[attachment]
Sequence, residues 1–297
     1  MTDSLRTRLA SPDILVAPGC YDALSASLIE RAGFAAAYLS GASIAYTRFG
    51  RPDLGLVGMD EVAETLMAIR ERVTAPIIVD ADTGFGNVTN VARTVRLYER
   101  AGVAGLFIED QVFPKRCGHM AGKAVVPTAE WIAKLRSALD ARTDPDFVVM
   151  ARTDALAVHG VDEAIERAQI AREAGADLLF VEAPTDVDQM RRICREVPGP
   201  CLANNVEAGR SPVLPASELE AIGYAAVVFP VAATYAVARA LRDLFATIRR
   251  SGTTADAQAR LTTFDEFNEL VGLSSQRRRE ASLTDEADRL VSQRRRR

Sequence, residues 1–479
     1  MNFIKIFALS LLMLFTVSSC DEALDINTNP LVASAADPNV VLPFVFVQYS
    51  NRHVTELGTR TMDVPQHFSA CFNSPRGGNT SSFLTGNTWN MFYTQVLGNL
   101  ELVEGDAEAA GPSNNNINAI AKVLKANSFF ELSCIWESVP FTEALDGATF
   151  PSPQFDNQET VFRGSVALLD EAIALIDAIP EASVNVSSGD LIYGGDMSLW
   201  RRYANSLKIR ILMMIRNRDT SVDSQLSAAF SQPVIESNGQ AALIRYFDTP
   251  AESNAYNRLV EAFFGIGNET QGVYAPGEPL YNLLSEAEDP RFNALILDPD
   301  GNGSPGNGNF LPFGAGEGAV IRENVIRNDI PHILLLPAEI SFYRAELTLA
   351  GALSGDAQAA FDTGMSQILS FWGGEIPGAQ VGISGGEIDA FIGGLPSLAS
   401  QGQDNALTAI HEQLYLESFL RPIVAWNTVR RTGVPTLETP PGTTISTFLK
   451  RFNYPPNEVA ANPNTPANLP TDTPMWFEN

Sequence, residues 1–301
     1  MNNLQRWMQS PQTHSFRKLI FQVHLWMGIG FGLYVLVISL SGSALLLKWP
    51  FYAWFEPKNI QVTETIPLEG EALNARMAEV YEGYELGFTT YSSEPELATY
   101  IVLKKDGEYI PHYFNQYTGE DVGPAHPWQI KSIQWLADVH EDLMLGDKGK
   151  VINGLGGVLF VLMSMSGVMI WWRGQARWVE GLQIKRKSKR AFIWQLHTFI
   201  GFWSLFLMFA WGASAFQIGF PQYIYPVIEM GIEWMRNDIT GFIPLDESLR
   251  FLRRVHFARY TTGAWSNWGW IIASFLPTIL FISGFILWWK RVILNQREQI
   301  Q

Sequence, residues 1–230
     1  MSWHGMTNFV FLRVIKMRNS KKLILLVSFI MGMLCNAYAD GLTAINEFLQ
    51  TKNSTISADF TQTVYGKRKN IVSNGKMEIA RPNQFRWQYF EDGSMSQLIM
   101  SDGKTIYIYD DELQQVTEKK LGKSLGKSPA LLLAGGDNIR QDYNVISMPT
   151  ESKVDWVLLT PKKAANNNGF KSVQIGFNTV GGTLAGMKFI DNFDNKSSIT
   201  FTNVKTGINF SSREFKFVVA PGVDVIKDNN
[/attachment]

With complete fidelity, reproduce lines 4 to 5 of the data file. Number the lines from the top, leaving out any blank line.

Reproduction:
   101  AGVAGLFIED QVFPKRCGHM AGKAVVPTAE WIAKLRSALD ARTDPDFVVM
   151  ARTDALAVHG VDEAIERAQI AREAGADLLF VEAPTDVDQM RRICREVPGP